Advanced memory management and disk scheduling techniques for general-purpose operating systems
Doctor of Philosophy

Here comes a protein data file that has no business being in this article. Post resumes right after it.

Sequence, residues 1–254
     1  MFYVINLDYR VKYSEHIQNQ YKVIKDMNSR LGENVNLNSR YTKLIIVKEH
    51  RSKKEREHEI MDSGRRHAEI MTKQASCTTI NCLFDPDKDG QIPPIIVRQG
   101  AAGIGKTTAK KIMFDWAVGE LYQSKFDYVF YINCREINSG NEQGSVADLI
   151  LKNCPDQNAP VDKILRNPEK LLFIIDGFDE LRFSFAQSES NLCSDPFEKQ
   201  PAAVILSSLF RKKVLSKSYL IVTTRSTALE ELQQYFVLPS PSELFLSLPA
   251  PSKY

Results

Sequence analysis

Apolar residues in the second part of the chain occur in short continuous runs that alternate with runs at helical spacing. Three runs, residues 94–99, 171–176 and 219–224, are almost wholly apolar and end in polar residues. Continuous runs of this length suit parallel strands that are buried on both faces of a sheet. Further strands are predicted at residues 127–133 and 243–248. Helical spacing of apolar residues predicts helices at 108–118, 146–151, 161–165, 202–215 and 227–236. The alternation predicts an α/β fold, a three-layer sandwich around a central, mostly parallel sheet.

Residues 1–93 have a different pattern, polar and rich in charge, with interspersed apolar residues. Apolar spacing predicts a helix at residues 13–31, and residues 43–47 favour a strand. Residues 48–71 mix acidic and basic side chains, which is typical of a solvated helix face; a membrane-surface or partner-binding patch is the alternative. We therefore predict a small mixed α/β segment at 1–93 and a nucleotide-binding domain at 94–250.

Operating systems have evolved into sophisticated, high-performance virtualizing platforms, to support and be fair towards concurrently running applications. However, since applications usually run oblivious of each other and prefer narrow system interfaces, they inadvertently contend for resources, resulting in inappropriate allocations and significant performance degradations. This dissertation identifies and eliminates two such problems: one we call rigidity in physical memory management which we solve using adaptive memory management, and a second we call deceptive idleness in disk schedulers that we solve through anticipatory disk scheduling . Many applications, their libraries, and runtimes can trade memory consumption for performance by maintaining caches, triggering garbage collection, etc. However, due to ignorance of memory pressure in the system, they are forced to be conservative about memory usage. Adaptive memory management is a technique that informs applications of the severity of memory pressure via a metric that quantifies the cost of using memory. This enables applications to allocate memory liberally when available (with performance benefits of 20% to 300%); and to release it under contention. The system thus reaches an equilibrium that balances the impact of memory pressure on each application; adapts to avoid paging during load bursts and improves stability and responsiveness; and reduces the need for manual configuration of memory footprints. It also provides finer control on memory usage by adapting proportional to application priorities. Disk schedulers generally schedule a request as soon as the previous request has finished. Unfortunately, many applications perform synchronous I/O by issuing a request after the previous request has been served. This causes the scheduler to suffer from deceptive idleness, a condition where it incorrectly assumes that the process has no further requests, and seeks to a request from another process. Anticipatory dish scheduling transparently solves this problem by sometimes injecting a small, controlled delay into the disk scheduler before it makes a scheduling decision, whenever it expects the current request to be quickly followed by another nearby request. This improves performance by up to 70% and enables proportional schedulers to achieve their contracts. Anticipatory scheduling has been ported to Linux, where it is now the default disk scheduler.